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Kaiser Family Collection

Identifier: AR 25801

Scope and Contents

The collection traces the history of the Kaiser family and the lives of its members over the course of the 20th century through correspondence, documents, writings, family history information, and photographs.

Correspondence in Series I provides the most detailed view, as it spans several epochs in the life of the Kaiser family. The earliest correspondence dates from the last 20 years of the life of family matriarch Mathilde Kaiser, during which time her husband died, her oldest son Isidor lived in America, and five of her other sons fought in World War I. Starting in the 1930s, the correspondence shifts its focus to Mathilde Kaiser’s youngest son Max, who immigrated to Palestine in 1934. As the 1930s progress, letters from Germany to Max begin including reports of the worsening situation of Jews there. By the late 1930s, the situation in Germany and the efforts of Max’s brothers Isidor, Alfred, Siegmund, Rudolf, and their families to emigrate dominate the correspondence. Letters from the early 1940s bring the news of the deportation of Rudolf and his family to Minsk and Siegmund and his family to Auschwitz. Correspondence of the post-war period consists mainly of letters from Isidor in Denmark to his brother Max and sister Berta in Israel. The Kaiser family correspondence essentially concludes in the wake of Isidor’s death on September 3, 1965, and Berta’s death on June 12, 1968.

Many of the events recorded in the correspondence are also described in Isidor and Max’s memoirs, found in Series III. The memoirs of Isidor Kaiser cover the period from his birth in Brilon on May 6, 1890, through his emigration from Germany in August 1939. He portrays his parents, childhood home, aspects of their Jewish family life, the political and social landscape of Prussia at that time, and his education, including remembrances of antisemitic taunting by other students. He also recounts the beginning of his apprenticeship with Gebr. Salomon in Hannover, which lasted for two years, as well as his journey to America in October 1912. Isidor’s memoirs also relate his experience of Kristallnacht and its aftermath and his efforts to arrange for emigration from Germany, departure in August 1939, and arrival in Denmark.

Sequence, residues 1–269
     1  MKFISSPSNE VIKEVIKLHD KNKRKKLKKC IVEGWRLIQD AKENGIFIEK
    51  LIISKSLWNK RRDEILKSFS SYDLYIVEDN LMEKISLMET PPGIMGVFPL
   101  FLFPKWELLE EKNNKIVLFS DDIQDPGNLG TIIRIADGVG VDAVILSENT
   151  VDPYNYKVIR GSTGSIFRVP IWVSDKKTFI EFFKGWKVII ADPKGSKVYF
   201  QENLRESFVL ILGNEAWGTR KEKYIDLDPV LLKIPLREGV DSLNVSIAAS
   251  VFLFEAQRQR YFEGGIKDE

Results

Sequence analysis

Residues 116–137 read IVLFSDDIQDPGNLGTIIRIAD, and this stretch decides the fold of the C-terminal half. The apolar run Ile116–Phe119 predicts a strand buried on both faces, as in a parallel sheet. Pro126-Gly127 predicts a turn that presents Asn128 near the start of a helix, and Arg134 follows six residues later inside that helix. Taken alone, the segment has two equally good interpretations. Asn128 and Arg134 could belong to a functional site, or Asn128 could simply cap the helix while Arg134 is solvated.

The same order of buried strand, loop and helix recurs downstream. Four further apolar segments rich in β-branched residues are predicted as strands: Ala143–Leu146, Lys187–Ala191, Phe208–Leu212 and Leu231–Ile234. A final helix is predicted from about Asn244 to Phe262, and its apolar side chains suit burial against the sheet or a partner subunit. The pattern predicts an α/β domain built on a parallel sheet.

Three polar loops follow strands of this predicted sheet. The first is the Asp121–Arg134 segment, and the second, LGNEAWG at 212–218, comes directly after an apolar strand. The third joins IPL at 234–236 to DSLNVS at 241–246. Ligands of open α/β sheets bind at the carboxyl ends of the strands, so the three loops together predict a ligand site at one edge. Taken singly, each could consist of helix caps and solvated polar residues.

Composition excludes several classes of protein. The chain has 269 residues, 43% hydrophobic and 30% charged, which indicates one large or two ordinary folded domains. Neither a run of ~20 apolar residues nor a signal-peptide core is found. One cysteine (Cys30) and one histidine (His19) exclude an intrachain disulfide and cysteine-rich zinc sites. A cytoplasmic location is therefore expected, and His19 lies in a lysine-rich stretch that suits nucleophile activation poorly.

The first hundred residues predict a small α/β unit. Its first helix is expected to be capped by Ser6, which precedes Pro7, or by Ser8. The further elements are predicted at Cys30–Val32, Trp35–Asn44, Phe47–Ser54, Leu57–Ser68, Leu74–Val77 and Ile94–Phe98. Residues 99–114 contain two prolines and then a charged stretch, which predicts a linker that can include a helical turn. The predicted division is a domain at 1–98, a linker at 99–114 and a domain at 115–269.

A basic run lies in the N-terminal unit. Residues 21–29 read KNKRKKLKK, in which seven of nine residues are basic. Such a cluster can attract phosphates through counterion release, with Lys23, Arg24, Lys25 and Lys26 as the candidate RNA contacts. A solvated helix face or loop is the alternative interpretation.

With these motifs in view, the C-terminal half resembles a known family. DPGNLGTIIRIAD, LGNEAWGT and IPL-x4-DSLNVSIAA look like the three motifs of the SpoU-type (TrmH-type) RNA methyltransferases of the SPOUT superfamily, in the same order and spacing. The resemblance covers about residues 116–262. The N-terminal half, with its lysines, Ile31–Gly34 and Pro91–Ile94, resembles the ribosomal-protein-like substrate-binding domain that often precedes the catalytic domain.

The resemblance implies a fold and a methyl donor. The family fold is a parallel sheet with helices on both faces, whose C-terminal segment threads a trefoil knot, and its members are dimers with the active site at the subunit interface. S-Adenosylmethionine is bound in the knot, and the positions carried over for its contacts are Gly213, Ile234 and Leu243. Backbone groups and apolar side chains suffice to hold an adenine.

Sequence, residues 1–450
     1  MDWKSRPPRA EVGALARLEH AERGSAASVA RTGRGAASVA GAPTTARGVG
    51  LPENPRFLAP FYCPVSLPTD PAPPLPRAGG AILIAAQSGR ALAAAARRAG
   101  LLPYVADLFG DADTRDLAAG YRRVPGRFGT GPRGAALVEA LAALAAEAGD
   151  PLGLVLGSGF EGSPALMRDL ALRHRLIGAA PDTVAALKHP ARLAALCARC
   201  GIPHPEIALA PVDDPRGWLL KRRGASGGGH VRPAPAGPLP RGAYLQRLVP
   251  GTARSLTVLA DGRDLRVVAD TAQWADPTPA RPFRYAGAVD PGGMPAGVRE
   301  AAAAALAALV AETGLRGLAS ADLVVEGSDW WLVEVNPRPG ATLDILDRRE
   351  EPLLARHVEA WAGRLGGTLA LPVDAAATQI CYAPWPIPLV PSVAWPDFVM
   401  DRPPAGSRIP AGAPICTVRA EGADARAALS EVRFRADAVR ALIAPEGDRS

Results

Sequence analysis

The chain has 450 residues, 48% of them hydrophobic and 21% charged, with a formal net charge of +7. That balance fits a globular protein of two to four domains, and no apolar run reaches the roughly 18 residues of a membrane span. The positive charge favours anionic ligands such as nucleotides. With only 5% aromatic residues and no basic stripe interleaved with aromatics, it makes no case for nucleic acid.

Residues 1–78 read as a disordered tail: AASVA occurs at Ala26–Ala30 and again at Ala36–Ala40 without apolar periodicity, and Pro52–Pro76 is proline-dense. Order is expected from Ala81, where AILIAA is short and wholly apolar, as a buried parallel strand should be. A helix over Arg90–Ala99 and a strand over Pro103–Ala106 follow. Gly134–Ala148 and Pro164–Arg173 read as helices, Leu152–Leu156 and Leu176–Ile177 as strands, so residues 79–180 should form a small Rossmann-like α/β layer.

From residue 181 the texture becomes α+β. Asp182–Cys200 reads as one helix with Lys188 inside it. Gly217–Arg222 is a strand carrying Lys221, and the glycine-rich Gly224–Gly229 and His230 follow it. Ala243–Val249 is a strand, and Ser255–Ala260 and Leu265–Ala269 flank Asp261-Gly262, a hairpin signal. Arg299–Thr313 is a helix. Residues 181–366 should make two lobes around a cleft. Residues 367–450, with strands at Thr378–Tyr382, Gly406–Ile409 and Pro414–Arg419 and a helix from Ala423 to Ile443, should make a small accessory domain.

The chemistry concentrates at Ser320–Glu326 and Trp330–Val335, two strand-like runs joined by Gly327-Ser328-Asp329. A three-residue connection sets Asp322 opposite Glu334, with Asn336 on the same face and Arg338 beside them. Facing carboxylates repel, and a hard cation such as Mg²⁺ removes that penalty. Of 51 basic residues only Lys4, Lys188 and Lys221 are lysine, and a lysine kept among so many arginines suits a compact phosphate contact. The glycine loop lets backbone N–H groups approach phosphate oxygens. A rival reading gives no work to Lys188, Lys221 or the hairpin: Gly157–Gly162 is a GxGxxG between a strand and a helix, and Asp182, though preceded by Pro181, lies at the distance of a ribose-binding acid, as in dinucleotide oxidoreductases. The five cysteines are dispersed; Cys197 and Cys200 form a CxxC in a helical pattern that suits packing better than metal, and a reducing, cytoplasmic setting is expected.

Max Kaiser’s memoirs span almost his entire life, from his birth in Wittenberge on September 1, 1910, to becoming a United States citizen in 1995. The memoirs include remembrances of his childhood and the difficult years of World War I. He notes his passing of his engineering exam in March 1933 and decision to immigrate to Palestine after Hitler came to power. Max documents his voyage to Palestine in 1934 and records the various positions he held in the paper industry throughout his career. An entry written in 1992 on his daughter Miriam’s 50th birthday describes the situation in Palestine the year of her birth, their family life, and her later military service and studies.

The correspondence and memoirs are supported by assembled documents pertaining to members of the related Buchthal, Frank, Heilbrun, Kaiser, and Silber families. Common document types include visiting and business cards, passports and identity cards, biographical notes, poems for birthdays and weddings, school records, birth, marriage, and death certificates, wills and estate materials, and pages of testimony submitted to Yad Vashem for those family members killed in the Holocaust.

Family history research and resources found in Series IV document not only the Kaiser family but also their town of Wittenberge. The most extensive folder in the series regards Stolpersteine laid in remembrance of the Kaiser family in Wittenberge. The last folder of this series contains Max Kaiser’s correspondence with various individuals in Wittenberge, particularly local historian Günter Rodegast, regarding the history of the family in that area. Family trees tracing the family’s ancestors back to the 17th century document the related Buchthal, Frank, Grunsfeld, Heilbrun, Kaiser, and Steinberg families. Miriam’s correspondence with the International Tracing Service (ITS) regarding her inquiry into her father, uncles, and their families includes relevant documents located and provided by the ITS.

The bulk of the albums in Series V contain photographs of the Kaiser siblings and their mother Mathilde. The Kaiser family album in Box 7, Folder 7 contains images of the largest number of members of the Kaiser and related families, beginning with a photograph of Hermann Kaiser and his family taken in 1870. Also included are Nathan Grunsfeld, Jacob and Berta Steinberg, Arthur and Mathilde Kaiser, the Kaiser siblings, the family’s residences at Burgstrasse 20 in Wittenberge and Ohestrasse 3 in Hannover, Moritz Kaiser, Adele Levin née Kaiser and her husband Sam Levin, Johanna Kaiser and her husband Gherardo Ferreri, Louis Heilbrun, Rudolf Kaiser, his wife Grete Kaiser née Buchthal, and their son Gerd, Alfred Kaiser, his wife Else Kaiser née Saalfeld, and their daughters Marion and Renate, and Siegmund Kasier, his wife Ruth Kaiser née Braun, and their son Heinz. Three of the albums in this series pertain specifically to Isidor Kaiser.

Loose photographs include portraits of Max and Leonie Kaiser, Isidor Kaiser, Johanna Kaiser, and the Heilbrun sisters. Also included are a set of photocopies of family photographs sent to Miriam Harel from her maternal uncle Henry Silver. These include photographs of Miriam, her husband Asher and their children Noam and Tamar, Miriam’s maternal grandparents Hersch Leib and Selde Silber, her maternal aunt Anna Kapp née Silber, Henry Silver, Henry’s wife Evelyn, and their son Norman.